The Taoiseach has said the Irish Nationwide Building Society will be not be bailed out just for the sake of it, but if it is, it would be because of the financial stability of the country.
Speaking in Cork, Brian Cowen said under EU guidelines it was important for all governments to support financial institutions of systemic importance and Irish Nationwide is one of them.
Asked about Irish Nationwide making 80% of loans to property developers, he said it was a matter to be addressed by someone in charge at Irish Nationwide.
Mr Cowen said he was not aware of the level of loans to developers and it was a matter for the regulator to address.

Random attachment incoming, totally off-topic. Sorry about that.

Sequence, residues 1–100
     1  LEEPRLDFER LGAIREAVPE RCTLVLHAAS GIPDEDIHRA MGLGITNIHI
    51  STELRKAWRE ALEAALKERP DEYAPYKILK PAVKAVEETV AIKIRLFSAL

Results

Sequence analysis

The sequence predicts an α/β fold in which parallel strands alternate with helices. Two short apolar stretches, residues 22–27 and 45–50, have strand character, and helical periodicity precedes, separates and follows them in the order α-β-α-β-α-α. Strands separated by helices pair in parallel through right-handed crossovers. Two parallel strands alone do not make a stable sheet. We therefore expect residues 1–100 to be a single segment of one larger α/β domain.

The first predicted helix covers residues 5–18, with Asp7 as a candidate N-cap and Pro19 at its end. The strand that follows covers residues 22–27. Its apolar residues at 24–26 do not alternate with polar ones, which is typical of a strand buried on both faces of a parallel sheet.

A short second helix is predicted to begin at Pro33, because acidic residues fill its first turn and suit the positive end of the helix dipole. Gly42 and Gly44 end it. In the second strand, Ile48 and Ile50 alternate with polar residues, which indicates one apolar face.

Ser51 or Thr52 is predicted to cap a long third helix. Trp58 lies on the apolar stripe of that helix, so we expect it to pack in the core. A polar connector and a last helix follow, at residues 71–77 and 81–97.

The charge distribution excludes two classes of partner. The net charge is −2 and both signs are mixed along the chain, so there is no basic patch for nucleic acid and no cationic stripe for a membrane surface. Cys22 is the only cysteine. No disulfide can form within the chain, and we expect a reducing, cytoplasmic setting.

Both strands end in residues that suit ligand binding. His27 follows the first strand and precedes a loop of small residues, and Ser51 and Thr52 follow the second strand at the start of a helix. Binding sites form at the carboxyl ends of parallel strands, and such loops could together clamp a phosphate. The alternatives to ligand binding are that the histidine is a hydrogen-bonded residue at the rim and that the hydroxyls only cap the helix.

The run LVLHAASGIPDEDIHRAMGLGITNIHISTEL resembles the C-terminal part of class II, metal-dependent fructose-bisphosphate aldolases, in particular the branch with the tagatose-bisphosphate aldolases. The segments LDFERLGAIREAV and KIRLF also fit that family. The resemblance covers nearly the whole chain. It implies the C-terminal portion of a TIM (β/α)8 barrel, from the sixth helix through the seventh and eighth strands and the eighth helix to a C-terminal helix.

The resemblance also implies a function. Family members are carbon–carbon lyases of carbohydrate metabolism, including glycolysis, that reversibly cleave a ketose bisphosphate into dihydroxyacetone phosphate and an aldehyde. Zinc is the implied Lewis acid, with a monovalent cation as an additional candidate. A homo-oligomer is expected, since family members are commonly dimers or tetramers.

Labour Party Finance Spokesperson Joan Burton said the taxpayer will end up paying for the losses announced by Irish Nationwide.
Ms Burton said she was 'really angry' at the losses and that they represented the sheer bad performance of the Government in dealing with the economy.
She said children not yet born will end up 'paying for Irish Nationwide' because of the failure of regulation.
Earlier, Irish Nationwide reported a loss after tax of €243m for last year, after setting aside €464m to cover potential losses from loans.
In 2007, the after-tax profit was just over €300m.
2008 operating profits were €260m, but the society's total assets fell 10% to €14.4bn.
The Society has been hit by its heavy exposure to commercial property lending, which accounts for almost 80% of total loans.
The results statement said the Society had reserves of €1.2bn to absorb further charges from bad loans.